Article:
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Case Reports

Macular hole-associated retinal detachment in Best vitelliform dystrophy

Series of two cases and literature review

Tewari, Ruchir; Kumar, Vinod; Ravani, Raghav; Dubey, Devashish; Chandra, Parijat; Kumar, Atul

Author Information
Indian Journal of Ophthalmology: May 2018 - Volume 66 - Issue 5 - p 708-711
doi: 10.4103/ijo.IJO_1046_17
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Abstract

Best vitelliform dystrophy (BVD) is an autosomal dominant macular dystrophy that is typically bilateral although asymmetric disease is not uncommon. Visual acuity remains largely unaffected till the end stages of disease; however, electrooculogram (EOG) changes are seen in all stages. An Arden ratio <1.5 along with clinical features is considered diagnostic of BVD. Infrequent complications such as a macular hole, may, however, add to the visual morbidity.[1] Very rarely, such cases may also present with retinal detachment due to the macular hole.[23]

We report two cases of BVD who presented with large macular holes and associated retinal detachment (MHRD) in one eye. Both patients had vitelliruptive stage of Best disease and relatively preserved visual acuity in the fellow eye. Pars plana vitrectomy (PPV), internal limiting membrane (ILM) peeling with inverted flap technique, and short-acting gas (SF6) tamponade were performed in both cases with good anatomic and surgical outcome.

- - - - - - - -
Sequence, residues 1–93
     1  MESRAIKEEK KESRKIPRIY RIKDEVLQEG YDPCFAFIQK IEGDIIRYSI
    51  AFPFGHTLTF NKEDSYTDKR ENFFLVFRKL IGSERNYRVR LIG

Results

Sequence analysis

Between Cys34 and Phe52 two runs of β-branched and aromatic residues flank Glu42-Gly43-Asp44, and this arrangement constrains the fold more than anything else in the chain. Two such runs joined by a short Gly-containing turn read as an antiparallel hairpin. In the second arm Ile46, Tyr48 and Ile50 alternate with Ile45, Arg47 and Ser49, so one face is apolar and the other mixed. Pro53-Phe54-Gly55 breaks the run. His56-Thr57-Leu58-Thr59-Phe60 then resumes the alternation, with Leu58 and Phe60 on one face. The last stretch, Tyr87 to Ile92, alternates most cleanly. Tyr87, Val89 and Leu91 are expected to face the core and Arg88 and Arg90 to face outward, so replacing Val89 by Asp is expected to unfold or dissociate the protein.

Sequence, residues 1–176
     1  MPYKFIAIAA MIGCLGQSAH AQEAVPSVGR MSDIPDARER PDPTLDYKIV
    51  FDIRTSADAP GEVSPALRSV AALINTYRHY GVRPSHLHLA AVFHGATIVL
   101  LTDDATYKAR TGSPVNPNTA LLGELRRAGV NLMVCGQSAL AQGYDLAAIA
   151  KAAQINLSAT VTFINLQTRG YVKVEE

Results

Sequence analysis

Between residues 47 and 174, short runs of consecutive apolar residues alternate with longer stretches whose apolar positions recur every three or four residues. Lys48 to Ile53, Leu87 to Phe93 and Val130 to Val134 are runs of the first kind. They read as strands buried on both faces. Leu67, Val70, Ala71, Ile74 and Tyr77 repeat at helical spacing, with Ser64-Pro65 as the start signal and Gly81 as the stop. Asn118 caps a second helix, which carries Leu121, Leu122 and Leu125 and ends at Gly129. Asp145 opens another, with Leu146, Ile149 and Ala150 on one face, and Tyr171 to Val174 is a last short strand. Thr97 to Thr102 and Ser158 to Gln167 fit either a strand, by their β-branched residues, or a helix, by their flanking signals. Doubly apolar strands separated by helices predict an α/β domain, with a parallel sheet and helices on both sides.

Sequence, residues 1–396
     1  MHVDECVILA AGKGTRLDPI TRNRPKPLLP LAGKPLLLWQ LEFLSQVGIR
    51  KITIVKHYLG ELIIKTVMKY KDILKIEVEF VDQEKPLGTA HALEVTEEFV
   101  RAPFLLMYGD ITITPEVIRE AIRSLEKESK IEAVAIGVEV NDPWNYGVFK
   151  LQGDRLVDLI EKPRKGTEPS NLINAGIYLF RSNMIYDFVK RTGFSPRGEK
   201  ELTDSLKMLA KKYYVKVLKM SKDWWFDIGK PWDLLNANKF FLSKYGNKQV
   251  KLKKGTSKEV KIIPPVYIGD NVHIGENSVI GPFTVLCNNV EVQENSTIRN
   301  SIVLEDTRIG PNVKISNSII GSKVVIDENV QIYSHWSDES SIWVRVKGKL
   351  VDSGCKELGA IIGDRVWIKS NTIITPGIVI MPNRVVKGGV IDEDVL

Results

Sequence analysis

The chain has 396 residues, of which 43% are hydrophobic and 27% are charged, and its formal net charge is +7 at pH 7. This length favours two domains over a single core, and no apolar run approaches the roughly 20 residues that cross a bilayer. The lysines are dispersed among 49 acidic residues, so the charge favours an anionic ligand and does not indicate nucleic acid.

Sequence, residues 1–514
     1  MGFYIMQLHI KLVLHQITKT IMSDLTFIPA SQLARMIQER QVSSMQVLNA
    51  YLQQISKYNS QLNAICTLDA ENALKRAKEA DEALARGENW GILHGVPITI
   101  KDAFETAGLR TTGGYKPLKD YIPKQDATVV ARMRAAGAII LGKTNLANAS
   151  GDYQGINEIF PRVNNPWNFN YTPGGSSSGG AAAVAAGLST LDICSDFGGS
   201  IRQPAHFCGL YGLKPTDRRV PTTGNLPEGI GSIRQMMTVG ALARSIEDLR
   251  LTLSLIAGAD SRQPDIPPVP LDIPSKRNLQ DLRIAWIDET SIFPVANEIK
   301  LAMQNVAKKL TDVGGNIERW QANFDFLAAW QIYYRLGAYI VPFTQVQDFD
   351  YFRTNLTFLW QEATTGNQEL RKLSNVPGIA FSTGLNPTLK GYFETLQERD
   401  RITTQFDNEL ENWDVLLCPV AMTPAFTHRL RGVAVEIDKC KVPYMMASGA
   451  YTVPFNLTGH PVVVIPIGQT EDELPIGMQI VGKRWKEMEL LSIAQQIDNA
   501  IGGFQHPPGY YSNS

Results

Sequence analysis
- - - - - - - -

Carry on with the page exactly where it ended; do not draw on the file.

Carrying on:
Case Reports

Case 1

A 24-year-old male presented with complaints of gradual onset decrease in vision in the right eye over the past 1 year. The best-corrected visual acuity (BCVA) was 20/400 in the right eye and 20/30 in the left eye. Anterior segment examination was unremarkable in both eyes. Dilated fundus examination of the right eye showed a large full-thickness macular hole with retinal detachment at posterior pole extending till the ora serrata inferotemporally; no other retinal break could be found. Yellow deposits were seen over the retinal pigment epithelium (RPE) through the macular hole [Fig. 1a]. The left eye had macular pigmentary changes surrounded by yellow deposits in a ring-like manner [Fig. 1b].

Figure 1
Figure 1: